ABA Approves Changes To Attorney Advertising Ethics Rules

The American Bar Association’s House of Delegates approved on Monday an overhaul to its ethics rules governing attorney advertising and solicitation.  The ABA vote on Monday capped a four-year effort to modernize ethics rules promulgated in the 1980s–long before the Internet forever changed how lawyers market their services and communicate with prospective clients.

The ABA’s vote was spurred on by the efforts of the Association of Professional Responsibility Lawyers (APRL), which issued a Report (copy here) in 2015.  The APRL Report found that the ABA Model Rules governing attorney advertising were “outdated and unworkable in the current legal environment and fail to achieve their stated objectives.”  The APRL Report concluded that “First Amendment issues, globalization of the practice of law, and rapid technology changes” required a “realignment of the balance between the professional responsibility rules and the constitutional right of lawyers to communicate with the public.”

A (pre-vote) redline draft of the ABA rules changes that were ultimately adopted is included here.  The following Q and A should help highlight the import of some of the rule changes that may be of interest particularly to those who practice before the USPTO.

Is Social Media and Internet-Based Marketing Covered?

Yes–The new rules were in large part designed as a direct result of changes in technology that did not exist when the lawyer advertising rules were originally promulgated.  Even the word “advertising” was stricken–the new Model Rule 7.2 (previously entitled “Advertising”) was rebranded “Communications Concerning a Lawyer’s Services: Specific Rules.”  Gone are antiquated references to “advertising” via “written, recorded or electronic communication” in favor of a more broadly worded right of attorneys to “communicate information regarding the lawyer’s services through any media.”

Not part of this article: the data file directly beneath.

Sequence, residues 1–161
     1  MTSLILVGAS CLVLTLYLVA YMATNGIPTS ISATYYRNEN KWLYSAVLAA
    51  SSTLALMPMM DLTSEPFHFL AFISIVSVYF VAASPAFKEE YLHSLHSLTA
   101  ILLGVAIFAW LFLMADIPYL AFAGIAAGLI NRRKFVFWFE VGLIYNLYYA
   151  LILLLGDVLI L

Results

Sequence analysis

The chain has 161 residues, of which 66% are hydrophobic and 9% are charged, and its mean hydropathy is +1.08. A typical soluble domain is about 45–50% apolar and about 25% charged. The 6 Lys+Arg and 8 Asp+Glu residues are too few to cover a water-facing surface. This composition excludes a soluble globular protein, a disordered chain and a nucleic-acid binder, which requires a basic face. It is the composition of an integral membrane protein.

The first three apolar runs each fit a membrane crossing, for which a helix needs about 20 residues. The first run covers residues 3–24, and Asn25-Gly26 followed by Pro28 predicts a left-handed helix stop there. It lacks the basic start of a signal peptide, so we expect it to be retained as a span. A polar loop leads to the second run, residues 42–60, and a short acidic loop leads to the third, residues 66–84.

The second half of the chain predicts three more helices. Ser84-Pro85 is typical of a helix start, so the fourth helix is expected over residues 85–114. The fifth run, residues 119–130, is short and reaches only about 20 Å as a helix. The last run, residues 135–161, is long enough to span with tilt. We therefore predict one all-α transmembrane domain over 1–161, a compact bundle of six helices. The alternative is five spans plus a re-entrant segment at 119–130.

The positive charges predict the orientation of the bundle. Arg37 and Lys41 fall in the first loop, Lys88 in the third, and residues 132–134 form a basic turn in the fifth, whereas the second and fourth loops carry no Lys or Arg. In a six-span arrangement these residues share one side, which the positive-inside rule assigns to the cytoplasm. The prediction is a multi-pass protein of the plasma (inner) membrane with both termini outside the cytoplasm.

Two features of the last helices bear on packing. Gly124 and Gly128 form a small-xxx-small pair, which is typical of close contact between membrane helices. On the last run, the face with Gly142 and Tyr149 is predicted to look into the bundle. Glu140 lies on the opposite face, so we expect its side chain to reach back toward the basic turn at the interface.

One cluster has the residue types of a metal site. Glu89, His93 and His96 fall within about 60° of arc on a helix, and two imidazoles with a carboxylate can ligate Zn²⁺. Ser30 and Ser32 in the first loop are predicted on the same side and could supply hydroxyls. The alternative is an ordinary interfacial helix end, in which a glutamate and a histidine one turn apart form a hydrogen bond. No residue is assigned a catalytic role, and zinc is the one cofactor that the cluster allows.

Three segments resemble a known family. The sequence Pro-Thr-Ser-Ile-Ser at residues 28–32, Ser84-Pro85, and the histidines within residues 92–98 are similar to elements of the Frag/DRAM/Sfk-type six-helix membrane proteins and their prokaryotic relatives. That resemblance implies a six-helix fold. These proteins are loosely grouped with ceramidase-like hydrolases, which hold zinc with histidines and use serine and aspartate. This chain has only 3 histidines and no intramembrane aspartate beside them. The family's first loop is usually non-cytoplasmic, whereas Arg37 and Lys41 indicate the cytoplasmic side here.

Can I Call Myself a Specialist?

It is quite common for attorneys today to identify as “specializing” or “concentrating” in a particular field of law.  The comments to the new ABA Model Rules state that a lawyer is “generally permitted” to make such representations, provided that the such statements are not false and misleading.

A statement that a lawyer is “certified” as a specialist in a given field, however, is another matter.  Some states provide a process for the “certification” of attorneys who practice in particular fields.  The State Bar of California, for example, provides a legal specialization examination and a track by which attorneys who concentrate in various practice areas (such as criminal law) may become “certified” as a specialist in that field.  Under the new ABA Rules, statements regarding a lawyer’s “certification” are inappropriate unless the lawyer “has been certified as a specialist by an organization that has been approved by an appropriate” governmental authority and “the name of the certifying organization is clearly identified in the communication.”

Is A Registered Patent Attorney or Agent a “Certified Specialist”?

The new ABA Model Rule on certification as a “specialist” appears to be intended to equate admission to the USPTO Patent Bar as a de facto “certification” by a government agency.  Although not addressed expressly in the text of new Model Rule 7.2, new comment 10 explains:

The Patent and Trademark Office has a long-established policy of designating lawyers practicing before the Office. . . . A lawyer’s communications about these practice areas are not prohibited by this Rule.

While it is unknown whether patent attorneys or agents will start labeling themselves as “certified specialists” based on their registration to practice in patent matters before the USPTO, a good argument would appear to exist that a lawyer’s or non-lawyer’s admission to the Patent Bar qualifies as a governmental certification of specialization the field of patent law.  Indeed, the comments to the new ABA Model Rules explain that “Certifying organizations may be expected to apply standards of experience, knowledge and proficiency to ensure that a lawyer’s recognition as a specialist is meaningful and reliable.”  That is, it would seem, precisely what the USPTO does when it considers whether someone meets the federal standards necessary to qualify to practice in matters before the Office.